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Iardún Mór
genitive: Iardún Mór
(Irish)
Eardownes Great
(English)
Glossary
mór great, big
Explanatory note
  • English

    O’Donovan is probably correct when he states that this place-name is of English origin (19). Certainly there is nothing in the evidence to indicate an Irish precursor.

    Examples such as ‘Earthtown’ (2), etc., are perhaps best viewed as secondary forms, likely due to the influence of the far more common ending -town. The H- in the earliest attestation ‘Herdon’ (1) is absent from all other examples and is probably prosthetic. The final -s first seen in ‘Eardownes’ (12) is clearly a plural marker in reference to the subdivisions Great and Little (4).

    The original name appears to have been similar to the modern form Eardowne, but its provenance is obscure. There is no reason to believe that the final element is a reflex of Irish dún “fort”, as the English word down “hill” is known to have occurred elsewhere in the toponymy of South Wexford; it is found, for example, in the now-defunct place-name ‘Downmead [par. Drinagh]’ “hill-meadow” (see CGn. 61.352.41592). The initial element may be derived from Middle English eard “land, dwelling” (see Stratmann p.184, also EPNE i p.144; cf. OE erð ‘ploughed land’, EPNE i p.158).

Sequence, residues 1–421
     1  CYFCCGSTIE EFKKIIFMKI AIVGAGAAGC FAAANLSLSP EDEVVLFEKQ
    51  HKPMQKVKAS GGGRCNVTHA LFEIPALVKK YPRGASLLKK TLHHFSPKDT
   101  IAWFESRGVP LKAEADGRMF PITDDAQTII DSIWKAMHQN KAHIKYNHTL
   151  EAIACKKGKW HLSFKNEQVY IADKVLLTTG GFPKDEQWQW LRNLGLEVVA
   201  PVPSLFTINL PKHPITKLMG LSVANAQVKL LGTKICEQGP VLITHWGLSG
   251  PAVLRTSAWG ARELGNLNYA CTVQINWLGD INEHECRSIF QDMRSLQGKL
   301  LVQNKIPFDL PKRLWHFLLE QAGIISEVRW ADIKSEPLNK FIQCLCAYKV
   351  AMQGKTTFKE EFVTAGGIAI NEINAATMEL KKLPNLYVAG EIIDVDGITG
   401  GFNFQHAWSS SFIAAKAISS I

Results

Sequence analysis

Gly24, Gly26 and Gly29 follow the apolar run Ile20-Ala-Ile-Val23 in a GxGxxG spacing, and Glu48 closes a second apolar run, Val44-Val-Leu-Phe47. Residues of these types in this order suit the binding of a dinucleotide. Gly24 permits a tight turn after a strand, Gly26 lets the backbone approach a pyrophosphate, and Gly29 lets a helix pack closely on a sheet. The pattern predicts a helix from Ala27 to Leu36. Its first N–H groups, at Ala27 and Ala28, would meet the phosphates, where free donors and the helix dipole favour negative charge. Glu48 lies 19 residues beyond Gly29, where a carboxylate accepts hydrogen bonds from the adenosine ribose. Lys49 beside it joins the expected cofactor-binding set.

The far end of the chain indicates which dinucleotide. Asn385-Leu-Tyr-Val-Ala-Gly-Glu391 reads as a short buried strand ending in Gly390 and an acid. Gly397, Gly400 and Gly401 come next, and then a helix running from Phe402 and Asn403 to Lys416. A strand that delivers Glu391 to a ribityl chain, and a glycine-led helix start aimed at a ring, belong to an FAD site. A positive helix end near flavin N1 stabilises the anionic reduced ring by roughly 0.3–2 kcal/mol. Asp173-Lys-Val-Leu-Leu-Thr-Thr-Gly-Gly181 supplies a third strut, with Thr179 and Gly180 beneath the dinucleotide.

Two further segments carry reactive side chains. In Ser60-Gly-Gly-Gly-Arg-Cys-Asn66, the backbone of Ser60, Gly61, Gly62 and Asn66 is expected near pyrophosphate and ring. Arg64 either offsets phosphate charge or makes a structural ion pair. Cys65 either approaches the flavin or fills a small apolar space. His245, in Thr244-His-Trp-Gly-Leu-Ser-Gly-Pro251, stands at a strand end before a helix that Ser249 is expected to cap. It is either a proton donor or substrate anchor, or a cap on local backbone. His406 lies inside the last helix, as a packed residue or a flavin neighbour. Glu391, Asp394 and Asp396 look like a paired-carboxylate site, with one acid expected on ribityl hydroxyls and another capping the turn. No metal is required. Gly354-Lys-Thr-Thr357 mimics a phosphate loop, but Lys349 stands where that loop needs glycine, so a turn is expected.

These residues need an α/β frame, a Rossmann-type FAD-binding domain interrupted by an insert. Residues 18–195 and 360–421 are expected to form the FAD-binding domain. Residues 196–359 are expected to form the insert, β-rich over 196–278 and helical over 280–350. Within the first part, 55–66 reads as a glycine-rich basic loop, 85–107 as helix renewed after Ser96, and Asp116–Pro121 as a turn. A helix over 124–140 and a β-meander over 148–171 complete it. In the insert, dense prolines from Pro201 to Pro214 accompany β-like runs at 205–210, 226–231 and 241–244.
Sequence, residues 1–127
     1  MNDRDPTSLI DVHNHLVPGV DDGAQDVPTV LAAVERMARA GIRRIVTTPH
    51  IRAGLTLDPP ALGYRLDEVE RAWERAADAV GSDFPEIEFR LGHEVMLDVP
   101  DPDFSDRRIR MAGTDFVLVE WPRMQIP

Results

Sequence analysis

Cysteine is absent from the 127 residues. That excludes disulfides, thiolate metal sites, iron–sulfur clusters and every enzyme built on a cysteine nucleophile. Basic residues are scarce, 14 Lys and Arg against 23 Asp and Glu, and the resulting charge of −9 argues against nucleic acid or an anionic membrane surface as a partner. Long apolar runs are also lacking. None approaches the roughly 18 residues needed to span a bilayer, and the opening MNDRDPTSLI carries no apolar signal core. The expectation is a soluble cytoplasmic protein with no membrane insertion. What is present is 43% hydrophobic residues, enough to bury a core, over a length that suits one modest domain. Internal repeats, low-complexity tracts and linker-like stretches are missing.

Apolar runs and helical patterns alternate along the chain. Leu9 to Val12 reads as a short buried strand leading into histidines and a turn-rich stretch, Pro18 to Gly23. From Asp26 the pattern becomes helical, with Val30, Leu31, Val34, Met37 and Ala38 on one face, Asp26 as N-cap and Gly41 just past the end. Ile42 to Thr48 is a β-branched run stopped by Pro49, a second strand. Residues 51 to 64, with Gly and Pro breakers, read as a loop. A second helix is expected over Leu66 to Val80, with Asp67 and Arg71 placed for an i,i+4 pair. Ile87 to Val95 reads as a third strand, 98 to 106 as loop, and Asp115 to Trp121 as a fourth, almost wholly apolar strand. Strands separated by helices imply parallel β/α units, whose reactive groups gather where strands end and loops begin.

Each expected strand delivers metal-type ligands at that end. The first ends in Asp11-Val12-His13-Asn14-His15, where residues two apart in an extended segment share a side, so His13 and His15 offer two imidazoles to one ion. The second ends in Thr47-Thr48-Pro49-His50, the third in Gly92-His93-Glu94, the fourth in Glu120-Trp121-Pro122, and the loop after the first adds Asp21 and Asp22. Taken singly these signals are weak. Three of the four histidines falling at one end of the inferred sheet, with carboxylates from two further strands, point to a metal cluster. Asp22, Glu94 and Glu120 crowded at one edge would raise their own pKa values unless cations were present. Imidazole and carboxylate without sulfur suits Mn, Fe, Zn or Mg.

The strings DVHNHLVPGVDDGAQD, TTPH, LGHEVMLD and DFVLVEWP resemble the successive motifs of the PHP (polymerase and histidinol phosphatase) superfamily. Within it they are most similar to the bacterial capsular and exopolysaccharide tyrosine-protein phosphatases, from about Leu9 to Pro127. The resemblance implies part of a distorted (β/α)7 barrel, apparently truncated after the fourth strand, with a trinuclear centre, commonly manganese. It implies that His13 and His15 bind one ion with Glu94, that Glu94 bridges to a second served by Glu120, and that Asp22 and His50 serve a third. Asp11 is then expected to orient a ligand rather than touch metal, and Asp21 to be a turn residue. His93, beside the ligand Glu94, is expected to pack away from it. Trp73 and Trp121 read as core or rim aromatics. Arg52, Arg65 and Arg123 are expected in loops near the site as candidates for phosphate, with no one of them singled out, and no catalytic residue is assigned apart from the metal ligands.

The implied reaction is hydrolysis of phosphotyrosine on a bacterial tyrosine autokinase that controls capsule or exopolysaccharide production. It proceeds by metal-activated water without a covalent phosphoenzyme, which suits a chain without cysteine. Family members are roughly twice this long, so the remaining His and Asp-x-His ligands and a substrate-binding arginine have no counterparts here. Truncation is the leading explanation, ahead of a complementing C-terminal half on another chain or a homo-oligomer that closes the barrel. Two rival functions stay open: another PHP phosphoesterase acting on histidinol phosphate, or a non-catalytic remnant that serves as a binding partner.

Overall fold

As the etymology of this place-name is uncertain a translation is not possible. The Irish form of the name used here is the phonetic approximation Iardún Mór/Beag, although Éardún as suggested in BPP (p.51) is also quite acceptable.

    [Derivation of the initial element from Old Norse eyrr as recently suggested ([details to be added]) is problematic. In nearby Carnsore and Greenore this element has been realised as -ore (see Mac Giolla Easpaig, D., ‘L’Influence Scandinave sur la Toponymie Irlandais’, in L’Héritage Maritime des Vikings en Europe de l’Ouest, 441‒82, ed. Ridel, É (2002). Caen.), which is inconsistent with the evidence for Eardowns. It has also been suggested that the final element may be from the Old Irish word dumach “sand-bank” ([details to be added]) (dumhach in Modern Irish), but this word is normally anglicised as doagh or similar, which not reflected in any of the evidence for this place-name. Moreover, soil maps of the townland do not reflect the presence of sand-banks or the like (see https://gis.epa.ie/EPAMaps/).]

    [Excerpt from Logainmneacha na hÉireann IV: Townland Names of County Wexford, 2016]

Irish Grid

T 11002 07860

Archival records
Permanent link
https://www.logainm.ie/54226.aspx

Open data